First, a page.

At an appropriate interval after joining JHU/JHM, the items listed below will initially define success for the new Director of Security Training.

  • An assessment regimen has been developed and implemented, with results showing that training opportunities are increasing in breadth and depth, consistent mistakes are improving, less incidents due to lack of or inefficient training are occurring, and customer satisfaction is consistently rising.
  • An operational needs assessment has been conducted and an argument supporting the addition of staff/roles required to meet the division’s mission has been made, based on “best practices.”
  • Subsequently, the department and the staff are receiving positive feedback from constituents and stakeholders across the various campuses, and the rate of complaints is low.
  • There are new innovations, best practices, and cutting-edge initiatives proactively integrated into the training system.
  • Communication regarding training opportunities is constant and consistent between the Director, the Vice President, and campus constituents.
  • Training has been established as a “norm” within Campus Safety and Security, staff embrace and support the training curriculum, and staff are providing input to the Director on the current and future training needs of the department.

An Overview of Campus Security

Campus Safety and Security is responsible for the oversight of security operations and investigations on the campuses of Johns Hopkins University and Johns Hopkins Medicine. Our force, which consists of security professionals and off-duty Baltimore City Police Officers, operates 24 hours a day, 7 days a week.


The mission of Campus Safety and Security is to serve the University and Hospital communities by providing and maintaining a safe and secure environment through proactive security and law enforcement practices.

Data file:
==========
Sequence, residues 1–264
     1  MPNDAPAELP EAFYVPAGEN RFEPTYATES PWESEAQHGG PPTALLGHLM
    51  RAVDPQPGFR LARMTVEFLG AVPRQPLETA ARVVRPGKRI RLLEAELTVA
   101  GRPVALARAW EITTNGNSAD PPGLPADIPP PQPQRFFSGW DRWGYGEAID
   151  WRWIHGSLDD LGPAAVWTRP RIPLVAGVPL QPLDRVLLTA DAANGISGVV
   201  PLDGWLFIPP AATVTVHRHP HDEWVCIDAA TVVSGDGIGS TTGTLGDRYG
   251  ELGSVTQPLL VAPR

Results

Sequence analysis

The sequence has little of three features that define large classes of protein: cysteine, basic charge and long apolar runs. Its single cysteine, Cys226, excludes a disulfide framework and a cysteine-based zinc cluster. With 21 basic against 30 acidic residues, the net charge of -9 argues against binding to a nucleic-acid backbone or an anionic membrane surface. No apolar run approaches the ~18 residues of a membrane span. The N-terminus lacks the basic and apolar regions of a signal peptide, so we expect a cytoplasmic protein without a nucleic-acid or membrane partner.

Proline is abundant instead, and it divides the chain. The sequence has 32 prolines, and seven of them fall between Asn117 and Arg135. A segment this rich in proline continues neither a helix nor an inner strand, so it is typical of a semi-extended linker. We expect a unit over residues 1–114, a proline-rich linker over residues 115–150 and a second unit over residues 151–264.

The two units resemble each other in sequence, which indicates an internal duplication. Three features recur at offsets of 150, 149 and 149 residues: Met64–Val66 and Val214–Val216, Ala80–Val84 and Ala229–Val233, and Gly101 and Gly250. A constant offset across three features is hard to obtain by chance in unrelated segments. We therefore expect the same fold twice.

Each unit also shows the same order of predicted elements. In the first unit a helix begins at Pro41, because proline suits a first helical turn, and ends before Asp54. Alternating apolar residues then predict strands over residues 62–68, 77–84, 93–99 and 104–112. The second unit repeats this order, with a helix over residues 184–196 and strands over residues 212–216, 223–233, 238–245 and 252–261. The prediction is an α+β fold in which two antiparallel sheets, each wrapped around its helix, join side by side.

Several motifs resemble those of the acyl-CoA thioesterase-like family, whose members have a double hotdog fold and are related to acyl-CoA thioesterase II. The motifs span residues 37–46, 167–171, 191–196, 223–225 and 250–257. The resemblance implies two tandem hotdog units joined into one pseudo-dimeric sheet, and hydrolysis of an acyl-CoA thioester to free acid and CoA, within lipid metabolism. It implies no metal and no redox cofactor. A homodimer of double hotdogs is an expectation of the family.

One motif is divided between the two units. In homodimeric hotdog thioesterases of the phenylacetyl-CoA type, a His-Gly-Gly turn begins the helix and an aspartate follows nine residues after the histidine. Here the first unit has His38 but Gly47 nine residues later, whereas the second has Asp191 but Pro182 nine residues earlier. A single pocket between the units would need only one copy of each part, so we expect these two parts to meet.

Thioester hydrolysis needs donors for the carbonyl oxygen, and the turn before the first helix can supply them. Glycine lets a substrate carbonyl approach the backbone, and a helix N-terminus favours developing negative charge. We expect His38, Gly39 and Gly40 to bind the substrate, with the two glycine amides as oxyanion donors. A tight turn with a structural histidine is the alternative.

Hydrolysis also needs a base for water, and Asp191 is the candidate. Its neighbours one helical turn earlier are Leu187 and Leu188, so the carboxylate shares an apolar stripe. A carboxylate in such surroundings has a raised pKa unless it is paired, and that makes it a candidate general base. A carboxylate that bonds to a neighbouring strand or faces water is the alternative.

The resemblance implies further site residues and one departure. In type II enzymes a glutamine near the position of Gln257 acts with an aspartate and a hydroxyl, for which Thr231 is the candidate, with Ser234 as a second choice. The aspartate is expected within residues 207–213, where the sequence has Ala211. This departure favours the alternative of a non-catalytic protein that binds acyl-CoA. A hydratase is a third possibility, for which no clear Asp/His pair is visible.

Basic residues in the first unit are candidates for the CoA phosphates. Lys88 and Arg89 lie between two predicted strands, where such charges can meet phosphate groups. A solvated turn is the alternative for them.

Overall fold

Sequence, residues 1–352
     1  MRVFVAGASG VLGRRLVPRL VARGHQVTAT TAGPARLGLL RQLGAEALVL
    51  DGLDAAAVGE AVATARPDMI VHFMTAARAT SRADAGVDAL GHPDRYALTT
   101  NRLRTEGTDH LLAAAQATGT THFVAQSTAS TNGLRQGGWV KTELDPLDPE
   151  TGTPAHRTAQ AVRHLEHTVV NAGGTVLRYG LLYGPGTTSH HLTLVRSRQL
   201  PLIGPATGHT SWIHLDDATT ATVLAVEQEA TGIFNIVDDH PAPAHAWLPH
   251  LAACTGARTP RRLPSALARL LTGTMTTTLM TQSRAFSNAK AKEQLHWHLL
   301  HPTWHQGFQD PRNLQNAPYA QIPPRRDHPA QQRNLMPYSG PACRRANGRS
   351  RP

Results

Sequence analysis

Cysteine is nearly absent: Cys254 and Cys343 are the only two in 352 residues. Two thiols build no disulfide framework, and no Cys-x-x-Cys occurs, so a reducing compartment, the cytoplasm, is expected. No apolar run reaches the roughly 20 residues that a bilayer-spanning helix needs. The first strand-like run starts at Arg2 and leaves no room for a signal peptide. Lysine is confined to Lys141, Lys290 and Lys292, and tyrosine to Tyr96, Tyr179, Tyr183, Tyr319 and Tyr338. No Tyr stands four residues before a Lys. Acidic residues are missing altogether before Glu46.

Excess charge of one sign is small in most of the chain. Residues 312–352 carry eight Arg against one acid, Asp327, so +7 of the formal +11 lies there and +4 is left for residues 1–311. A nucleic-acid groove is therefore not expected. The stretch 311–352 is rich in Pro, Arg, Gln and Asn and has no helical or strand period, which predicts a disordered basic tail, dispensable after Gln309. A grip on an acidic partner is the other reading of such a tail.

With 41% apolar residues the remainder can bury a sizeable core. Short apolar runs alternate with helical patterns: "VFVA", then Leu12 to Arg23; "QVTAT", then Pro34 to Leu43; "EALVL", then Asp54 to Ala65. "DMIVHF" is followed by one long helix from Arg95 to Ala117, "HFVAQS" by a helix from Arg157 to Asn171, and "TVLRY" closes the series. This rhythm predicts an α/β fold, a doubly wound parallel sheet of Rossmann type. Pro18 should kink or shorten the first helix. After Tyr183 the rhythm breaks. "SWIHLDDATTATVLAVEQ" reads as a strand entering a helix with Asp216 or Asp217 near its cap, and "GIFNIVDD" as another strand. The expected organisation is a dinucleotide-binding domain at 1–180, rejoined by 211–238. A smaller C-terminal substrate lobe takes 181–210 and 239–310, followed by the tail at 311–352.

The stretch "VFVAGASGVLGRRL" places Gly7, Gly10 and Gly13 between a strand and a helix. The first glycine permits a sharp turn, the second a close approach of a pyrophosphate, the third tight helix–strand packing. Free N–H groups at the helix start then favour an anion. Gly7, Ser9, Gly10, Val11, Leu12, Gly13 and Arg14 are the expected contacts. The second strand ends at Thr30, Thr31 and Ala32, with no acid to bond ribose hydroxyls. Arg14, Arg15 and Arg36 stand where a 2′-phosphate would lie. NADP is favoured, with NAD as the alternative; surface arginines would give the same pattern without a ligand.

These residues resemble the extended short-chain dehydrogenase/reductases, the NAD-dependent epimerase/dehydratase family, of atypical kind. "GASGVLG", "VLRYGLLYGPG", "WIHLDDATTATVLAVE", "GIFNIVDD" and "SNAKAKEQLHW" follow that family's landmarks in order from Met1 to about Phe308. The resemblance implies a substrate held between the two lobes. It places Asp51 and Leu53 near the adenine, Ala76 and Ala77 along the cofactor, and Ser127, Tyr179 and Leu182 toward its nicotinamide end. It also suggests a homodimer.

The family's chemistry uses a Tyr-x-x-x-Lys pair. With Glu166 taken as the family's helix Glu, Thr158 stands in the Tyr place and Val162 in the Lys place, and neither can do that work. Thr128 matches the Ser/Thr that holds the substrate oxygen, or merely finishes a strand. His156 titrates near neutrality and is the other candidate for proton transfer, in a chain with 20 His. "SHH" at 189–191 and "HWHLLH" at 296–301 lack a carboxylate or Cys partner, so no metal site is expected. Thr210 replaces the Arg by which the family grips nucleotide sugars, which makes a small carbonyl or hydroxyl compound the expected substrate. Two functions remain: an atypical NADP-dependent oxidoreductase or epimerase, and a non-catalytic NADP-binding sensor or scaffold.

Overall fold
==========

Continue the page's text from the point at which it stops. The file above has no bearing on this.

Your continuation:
We help our patients, students, faculty, staff, and visitors experience a safe, caring, and welcoming environment in furtherance of the greater Johns Hopkins University and Johns Hopkins Medicine missions.

Services include:

  • 24/7 on-campus presence
  • Officers posted at key areas inside and outside buildings
  • Continuous patrol of the entire campus
  • Escort services
  • State-of-the-art Communications Center, which monitors a Closed Circuit Television Network, card access, duress alarms, and intrusion alarms at the East Baltimore campus, Johns Hopkins Bayview Medical Center and Howard County General Hospital, Sibley Memorial Hospital, Suburban Hospital, and All Children’s Hospital

Institution & Location

Institutional Background

Johns Hopkins, the Quaker merchant, banker, and businessman, left $7 million in 1873 to create The Johns Hopkins University and The Johns Hopkins Hospital, instructing his trustees to create new models and standards for medical education and health care.

The Johns Hopkins Hospital opened in 1889, and the Johns Hopkins University School of Medicine opened four years later.

In 1986, the hospital trustees created The Johns Hopkins Health System Corporation to serve as the parent of the hospital and future subsidiary entities.

After more than 130 years, Johns Hopkins remains a world leader in both teaching and research. Eminent professors mentor top students in the arts and music, the humanities, the social and natural sciences, engineering, international studies, education, business, and the health professions. Those same faculty members, and their research colleagues at the university’s Applied Physics Laboratory, have each year since 1979 won Johns Hopkins more federal research and development funding than any other university.